Saturday, 11 July 2009

Scholastic Chess, Reasoning and Training Executive Function

Scholar's mate - white to move.
[1. e4 e5 2. Bc4 Nc6 3. Qh5, Nf6]

What is the benefit of having a scholastic chess program in schools?

It seems to me that the beneficial effects of chess may simply be that it provides a positive stimulus to helping the child to learn how to learn. Binet and Simon in 'The development of intelligence in children' (1916), when writing about the definition of intelligence, come to the following conclusion:
... what they should learn first is not the subjects ordinarily taught, however important they may be; they should be given lessons of will, of attention, of discipline; before exercises in grammar, they need to exercised in mental orthopedy; in a word they must learn how to learn.
This conclusion seems just as important now as it was revolutionary back then (1916). The difference now is that we are developing a real understanding about the importance of the critical literacy skill, reasoning. This fundamental cognitive skill helps to integrate the other three R's - reading writing, arithmetic. The executive system is the theorized cognitive system that controls and enables reasoning and the other cognitive processes. Integration of executive function training into school curriculums must be an important priority.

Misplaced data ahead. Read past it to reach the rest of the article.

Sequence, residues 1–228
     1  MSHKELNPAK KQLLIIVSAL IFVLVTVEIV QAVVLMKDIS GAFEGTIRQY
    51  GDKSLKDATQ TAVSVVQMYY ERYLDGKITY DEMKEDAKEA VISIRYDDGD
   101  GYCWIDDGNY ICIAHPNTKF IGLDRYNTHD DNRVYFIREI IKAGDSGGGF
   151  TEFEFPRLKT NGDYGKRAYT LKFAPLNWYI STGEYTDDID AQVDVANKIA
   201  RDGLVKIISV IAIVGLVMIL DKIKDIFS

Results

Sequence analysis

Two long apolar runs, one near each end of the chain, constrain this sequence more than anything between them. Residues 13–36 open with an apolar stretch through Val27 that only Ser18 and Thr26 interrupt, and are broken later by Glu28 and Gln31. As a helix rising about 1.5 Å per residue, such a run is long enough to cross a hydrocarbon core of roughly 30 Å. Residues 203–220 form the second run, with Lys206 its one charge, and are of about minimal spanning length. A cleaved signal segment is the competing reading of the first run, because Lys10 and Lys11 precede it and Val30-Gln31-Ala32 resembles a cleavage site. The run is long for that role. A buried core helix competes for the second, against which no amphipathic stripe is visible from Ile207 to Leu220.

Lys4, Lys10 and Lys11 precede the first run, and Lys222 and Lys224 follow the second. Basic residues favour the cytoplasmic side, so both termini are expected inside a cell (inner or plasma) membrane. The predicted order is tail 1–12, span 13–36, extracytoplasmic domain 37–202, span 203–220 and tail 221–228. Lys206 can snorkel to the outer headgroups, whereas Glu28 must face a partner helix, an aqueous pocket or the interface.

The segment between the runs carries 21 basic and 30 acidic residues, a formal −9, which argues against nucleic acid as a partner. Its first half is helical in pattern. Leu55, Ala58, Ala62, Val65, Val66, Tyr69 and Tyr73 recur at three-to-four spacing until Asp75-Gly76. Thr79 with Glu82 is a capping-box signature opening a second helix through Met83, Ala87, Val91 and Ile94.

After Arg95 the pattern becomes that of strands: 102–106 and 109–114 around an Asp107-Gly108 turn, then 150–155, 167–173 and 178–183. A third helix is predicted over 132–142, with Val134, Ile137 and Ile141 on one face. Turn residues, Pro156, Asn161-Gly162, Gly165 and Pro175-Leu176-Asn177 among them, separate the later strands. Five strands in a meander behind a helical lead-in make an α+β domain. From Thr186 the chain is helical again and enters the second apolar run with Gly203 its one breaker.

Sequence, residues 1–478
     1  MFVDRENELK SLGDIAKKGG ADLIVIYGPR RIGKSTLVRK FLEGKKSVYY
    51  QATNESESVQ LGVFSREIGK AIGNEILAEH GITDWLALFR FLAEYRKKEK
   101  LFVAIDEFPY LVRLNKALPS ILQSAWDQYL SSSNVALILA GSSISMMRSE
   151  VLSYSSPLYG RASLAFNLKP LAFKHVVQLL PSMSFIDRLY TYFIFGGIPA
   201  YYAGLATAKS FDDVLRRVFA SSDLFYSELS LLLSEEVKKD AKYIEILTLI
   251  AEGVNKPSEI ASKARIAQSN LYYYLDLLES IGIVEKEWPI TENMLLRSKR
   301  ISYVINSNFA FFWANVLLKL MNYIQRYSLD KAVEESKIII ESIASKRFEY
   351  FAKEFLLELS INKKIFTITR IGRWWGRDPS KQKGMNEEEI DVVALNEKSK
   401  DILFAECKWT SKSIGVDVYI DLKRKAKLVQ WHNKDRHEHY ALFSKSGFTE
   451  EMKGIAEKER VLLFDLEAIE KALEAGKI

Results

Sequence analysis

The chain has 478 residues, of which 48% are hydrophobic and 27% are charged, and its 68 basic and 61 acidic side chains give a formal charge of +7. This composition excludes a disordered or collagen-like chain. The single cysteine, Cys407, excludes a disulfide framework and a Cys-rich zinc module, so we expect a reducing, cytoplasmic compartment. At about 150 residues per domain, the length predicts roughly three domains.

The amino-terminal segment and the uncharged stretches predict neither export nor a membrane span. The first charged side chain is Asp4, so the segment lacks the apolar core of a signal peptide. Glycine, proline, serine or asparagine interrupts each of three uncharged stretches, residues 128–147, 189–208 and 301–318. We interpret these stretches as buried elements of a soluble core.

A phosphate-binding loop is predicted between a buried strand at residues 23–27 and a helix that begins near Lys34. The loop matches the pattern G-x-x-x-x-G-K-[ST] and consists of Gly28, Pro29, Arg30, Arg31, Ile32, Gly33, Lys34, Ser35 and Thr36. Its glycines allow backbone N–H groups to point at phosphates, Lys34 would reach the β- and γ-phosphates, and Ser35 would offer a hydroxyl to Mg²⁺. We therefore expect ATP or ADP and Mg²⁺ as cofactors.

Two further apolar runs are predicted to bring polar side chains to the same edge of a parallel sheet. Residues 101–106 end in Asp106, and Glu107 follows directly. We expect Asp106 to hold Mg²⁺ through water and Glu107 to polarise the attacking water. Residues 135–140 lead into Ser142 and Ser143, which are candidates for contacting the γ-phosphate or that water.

Regarding chess training in schools, it is important that the learning focus should be around reasoning, problem solving, planning, and the application of falsifiability in decision making. Simply learning about openings, tactics training, and simple pattern recognition is unlikely to have any enduring cognitive benefit.

Related Posts:
ALCHEssMIST: Chess Research - Language Impairment and Visual Immediate Memory in Children
ALCHEssMIST: Playing Chess May Benefit Schizophrenia Patients

Posted by ALCHEssMIST .

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